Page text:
Sex & The City

Oh. My. God.

One of the most exciting things that could happen to me all year, happened today.  It’s got a little bit to do with sex, a little to do with a potential marriage, it involves the city and me.

Give up?

I am going to be one of the first people in Australia (actually, make that the WORLD) to see the Sex & The City movie!!  I wouldn’t normally revel (read: rub noses) in this kind of privilege with readers of my blog, my aim is certainly not to give you reasons to hate me, but rather to say this:

Next Friday, 16th May, watch out for my review of one of the most anticipated movies of 2008…!  Get Carried Away!


#085 | Read The Four Hour Work Week

Today I finished reading this book, and to be frank, it will change the way I look at work and my career forever.

I’ve been socialised since birth to consider my career as one of the best ways in which to achieve personal, professional and societal success. Careers are assumed to be made up of a sequence of jobs/roles in which I better my skills, knowledge, experience and achievements, and predominantly within the confines of a 9-5 structure.

I never attended university. By the time I finished secondary school with a ‘tertiary entrance rank’ that placed me in the top 5% of the state, I was gagging to get into the Real World. I wanted hands on learning, experience, direction. I wanted to make mistakes and learn from them. I was sick of text books. I was sick of teachers, most of whom I believed had lost touch with the Real World. I was sick of learning things that I never thought I would use again – like calculus. I was never ever going to be in a profession that required me to understand this. And it wasn’t because I didn’t understand this that I was sick of it – to the contrary, mathematics was actually my favourite subject because I found it so simple. Take Formula – Apply Formula – Get Result. You can’t get much easier than that in my view. I appealed a great deal to the black and white in me.

To be honest, I have kind of ‘fallen into’ the career and industry in which I currently find myself. I started out in PR and took an instant dislike to the two-faced, superficial, shallow nature of the work in this industry. I wanted to pursue my passion – music – and as luck would have it, I landed two music roles at the same time; one in PR and one in media for the world’s largest music magazine.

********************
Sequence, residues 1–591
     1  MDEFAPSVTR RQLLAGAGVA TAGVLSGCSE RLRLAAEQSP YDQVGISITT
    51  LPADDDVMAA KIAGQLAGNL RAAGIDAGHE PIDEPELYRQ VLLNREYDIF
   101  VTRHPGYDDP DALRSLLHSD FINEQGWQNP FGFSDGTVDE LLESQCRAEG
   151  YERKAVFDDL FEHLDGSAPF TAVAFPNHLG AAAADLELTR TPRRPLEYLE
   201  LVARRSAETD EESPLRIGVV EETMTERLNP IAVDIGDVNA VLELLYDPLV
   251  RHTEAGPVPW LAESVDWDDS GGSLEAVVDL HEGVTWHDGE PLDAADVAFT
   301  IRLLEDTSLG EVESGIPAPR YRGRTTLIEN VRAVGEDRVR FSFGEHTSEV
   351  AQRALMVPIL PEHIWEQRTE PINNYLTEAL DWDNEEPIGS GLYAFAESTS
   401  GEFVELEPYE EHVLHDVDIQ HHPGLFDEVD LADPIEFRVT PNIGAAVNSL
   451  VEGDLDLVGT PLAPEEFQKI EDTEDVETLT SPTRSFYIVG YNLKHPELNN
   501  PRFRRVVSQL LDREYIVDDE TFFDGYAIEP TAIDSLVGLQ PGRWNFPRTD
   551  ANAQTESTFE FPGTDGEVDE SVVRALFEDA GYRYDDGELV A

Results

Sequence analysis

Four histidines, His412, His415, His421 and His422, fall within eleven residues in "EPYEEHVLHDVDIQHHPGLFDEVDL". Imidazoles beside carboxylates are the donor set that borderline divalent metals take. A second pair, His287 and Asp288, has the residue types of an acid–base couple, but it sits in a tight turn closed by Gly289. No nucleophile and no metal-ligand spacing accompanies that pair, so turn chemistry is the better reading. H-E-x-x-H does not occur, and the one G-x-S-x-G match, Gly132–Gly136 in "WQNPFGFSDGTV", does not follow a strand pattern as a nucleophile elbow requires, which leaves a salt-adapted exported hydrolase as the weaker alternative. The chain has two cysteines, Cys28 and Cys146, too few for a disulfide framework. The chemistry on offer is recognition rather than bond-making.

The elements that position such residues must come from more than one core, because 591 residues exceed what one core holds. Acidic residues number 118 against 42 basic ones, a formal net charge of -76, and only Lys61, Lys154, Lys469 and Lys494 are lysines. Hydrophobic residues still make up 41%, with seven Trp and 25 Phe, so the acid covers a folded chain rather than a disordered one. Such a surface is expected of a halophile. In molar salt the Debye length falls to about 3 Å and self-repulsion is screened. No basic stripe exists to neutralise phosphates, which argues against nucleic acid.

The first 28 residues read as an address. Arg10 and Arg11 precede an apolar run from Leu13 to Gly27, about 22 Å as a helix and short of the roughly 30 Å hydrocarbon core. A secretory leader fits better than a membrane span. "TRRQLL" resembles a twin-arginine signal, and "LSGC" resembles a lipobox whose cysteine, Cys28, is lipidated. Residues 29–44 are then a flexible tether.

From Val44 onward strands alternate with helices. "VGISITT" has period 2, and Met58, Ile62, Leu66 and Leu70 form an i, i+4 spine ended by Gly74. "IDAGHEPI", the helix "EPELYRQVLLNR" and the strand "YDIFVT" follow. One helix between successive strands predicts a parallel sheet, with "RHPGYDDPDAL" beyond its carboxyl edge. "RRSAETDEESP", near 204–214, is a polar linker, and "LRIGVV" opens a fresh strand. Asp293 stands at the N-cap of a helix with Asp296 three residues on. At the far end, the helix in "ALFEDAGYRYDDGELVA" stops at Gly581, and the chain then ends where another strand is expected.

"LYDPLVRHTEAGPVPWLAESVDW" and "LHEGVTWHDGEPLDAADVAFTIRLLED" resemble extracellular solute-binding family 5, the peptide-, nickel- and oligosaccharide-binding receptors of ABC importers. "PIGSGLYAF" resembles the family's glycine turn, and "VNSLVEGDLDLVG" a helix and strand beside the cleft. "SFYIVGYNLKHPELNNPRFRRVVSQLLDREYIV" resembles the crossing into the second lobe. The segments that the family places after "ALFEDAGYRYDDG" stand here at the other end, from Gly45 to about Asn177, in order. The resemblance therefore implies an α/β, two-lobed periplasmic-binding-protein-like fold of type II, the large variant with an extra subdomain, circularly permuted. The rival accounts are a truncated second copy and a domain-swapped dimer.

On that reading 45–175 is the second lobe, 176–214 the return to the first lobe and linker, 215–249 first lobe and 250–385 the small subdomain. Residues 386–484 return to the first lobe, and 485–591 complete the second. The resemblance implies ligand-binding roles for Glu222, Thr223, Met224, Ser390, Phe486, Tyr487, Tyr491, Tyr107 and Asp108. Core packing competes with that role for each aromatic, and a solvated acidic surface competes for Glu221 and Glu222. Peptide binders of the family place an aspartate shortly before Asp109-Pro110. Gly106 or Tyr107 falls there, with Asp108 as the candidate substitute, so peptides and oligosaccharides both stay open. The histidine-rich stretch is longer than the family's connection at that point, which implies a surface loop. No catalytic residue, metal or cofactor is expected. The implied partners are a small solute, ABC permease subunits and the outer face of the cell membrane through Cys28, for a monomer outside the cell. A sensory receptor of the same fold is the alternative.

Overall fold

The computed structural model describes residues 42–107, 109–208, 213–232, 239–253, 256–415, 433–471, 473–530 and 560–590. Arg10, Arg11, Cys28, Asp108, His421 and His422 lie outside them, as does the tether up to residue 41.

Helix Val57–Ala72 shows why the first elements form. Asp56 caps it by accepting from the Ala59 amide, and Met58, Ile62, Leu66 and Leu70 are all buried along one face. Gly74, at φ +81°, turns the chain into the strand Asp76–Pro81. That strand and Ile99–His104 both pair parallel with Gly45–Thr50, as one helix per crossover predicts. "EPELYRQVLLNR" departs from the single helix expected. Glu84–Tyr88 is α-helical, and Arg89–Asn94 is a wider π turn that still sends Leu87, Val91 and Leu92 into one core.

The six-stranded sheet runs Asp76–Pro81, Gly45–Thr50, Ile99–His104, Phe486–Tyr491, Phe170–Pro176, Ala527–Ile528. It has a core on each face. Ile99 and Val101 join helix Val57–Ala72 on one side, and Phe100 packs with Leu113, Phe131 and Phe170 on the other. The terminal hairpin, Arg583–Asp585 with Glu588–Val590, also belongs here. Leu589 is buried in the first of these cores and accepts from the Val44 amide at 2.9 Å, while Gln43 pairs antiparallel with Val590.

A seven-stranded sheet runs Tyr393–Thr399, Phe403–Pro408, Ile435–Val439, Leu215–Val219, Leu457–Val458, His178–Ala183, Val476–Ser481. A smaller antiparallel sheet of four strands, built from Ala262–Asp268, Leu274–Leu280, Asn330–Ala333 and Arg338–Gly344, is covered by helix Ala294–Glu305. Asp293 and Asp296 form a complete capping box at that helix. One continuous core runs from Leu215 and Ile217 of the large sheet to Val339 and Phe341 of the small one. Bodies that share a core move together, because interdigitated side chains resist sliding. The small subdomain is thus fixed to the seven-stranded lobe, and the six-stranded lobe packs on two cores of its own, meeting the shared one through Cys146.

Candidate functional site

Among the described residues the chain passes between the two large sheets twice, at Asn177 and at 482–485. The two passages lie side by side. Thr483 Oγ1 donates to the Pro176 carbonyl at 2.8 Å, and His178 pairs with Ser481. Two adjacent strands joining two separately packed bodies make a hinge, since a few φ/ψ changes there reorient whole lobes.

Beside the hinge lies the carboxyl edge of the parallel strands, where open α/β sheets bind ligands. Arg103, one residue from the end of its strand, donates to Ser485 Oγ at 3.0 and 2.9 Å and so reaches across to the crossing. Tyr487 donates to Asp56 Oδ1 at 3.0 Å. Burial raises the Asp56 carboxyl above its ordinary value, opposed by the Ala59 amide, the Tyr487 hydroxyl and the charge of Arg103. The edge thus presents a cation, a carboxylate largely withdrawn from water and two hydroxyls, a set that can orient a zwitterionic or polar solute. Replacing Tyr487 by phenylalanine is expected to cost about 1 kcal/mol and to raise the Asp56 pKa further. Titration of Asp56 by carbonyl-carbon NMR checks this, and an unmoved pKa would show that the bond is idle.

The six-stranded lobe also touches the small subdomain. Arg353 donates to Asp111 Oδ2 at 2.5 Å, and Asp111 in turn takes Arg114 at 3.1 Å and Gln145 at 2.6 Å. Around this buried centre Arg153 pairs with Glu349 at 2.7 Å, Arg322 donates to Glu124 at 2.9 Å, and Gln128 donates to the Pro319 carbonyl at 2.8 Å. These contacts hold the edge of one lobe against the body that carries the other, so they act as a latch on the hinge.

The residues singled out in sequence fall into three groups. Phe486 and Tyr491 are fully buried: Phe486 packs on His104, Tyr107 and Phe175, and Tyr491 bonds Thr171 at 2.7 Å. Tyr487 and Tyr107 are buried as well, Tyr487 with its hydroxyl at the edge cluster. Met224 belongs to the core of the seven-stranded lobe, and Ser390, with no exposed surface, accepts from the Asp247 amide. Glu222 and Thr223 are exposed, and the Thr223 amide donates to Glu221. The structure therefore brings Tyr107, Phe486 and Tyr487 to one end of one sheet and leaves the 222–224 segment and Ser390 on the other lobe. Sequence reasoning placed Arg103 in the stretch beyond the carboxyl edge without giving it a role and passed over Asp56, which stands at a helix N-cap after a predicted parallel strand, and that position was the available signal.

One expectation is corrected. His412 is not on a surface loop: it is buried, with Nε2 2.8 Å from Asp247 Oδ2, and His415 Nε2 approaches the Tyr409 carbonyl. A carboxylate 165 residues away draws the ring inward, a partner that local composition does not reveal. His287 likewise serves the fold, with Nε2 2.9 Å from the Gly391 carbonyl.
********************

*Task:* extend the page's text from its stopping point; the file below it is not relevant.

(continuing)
My media career has certainly had it’s twists and its turns. I’ve worked in almost every major medium there is, I’ve worked 80 hour weeks, I’ve worked 3 day weeks (that actually ended up being more like 7 days in reality), I’ve pitched, negotiated, strategised, conformed, toed the line… and although I now have a decent pay cheque and I work with a great bunch of people, I can’t help but think there is more to life.

Enter The Four Hour Work Week. Although I read this with a great deal of healthy cynicism, I can’t help but agree with some of the principles put forward by Tim Ferris. The process (or formula!) he walks the reader through is simple : Definition, Elimination, Automation, Liberation.

The first step is Defining what your ideal life would look like if you had no limitations. Tim calls this Lifestyle Design. He encourages you to think as big or as small as you need to be inspired to think differently about the 9-5 drudgery by which we’re all shackled. It’s a ‘starting with the end in mind’ strategy which is smart, and inspiring.

The second step is Elimination, that is to say eliminating anything non-critical to success. It’s the old 80/20 rule… with a machete attachment. The biggest things Tim focuses on in the book is email, phone calls and other ‘interruptions’. This is by far the biggest take away for me from this book. Having a blackberry is a curse. I hate that flashing red light! I have changed so many blackberry settings since reading this book so that I am not ‘alerted’ to new email immediately. I have also now made one of my goals on my 101 List to only check email twice a day for one month in a bid to get into a better habit of controlling my email, rather than letting it control me.

The third step is Automation and the first part of this process is ‘outsourcing life‘, which is something I’m going to trial.  It’s probably the part I am most skeptical about, as it doesn’t appeal to the perfectionist in me, but part of my personal growth plan is to learn that ‘good enough’ is good enough and not everything needs to be ‘perfect’.  So this could be a great exercise to get me well on to this path.  The first step is almost complete in one of my tasks on my list – hire a cleaner!

The second part to the Automation process is to select a ‘muse’, Tim deliberately does not call this a ‘business’ as it’s a special kind of ‘business’ we’re looking for here.  It’s more than I can go into here, but in theory it makes a lot of sense, and he gives good advice for ‘testing’ before launching and spending too much time, energy or cash on your ‘muse’.

The final step is Liberation which is of course removing yourself from the equation such that you can get on with the life you designed in the first step.

Liberation seems so far away for me at the moment, but the book has inspired me enough to make some immediate changes and consider opening up myself enough to dream and create a design for my life.  How far I will get with it?  Well that will remain to be seen, but it can’t hurt, right?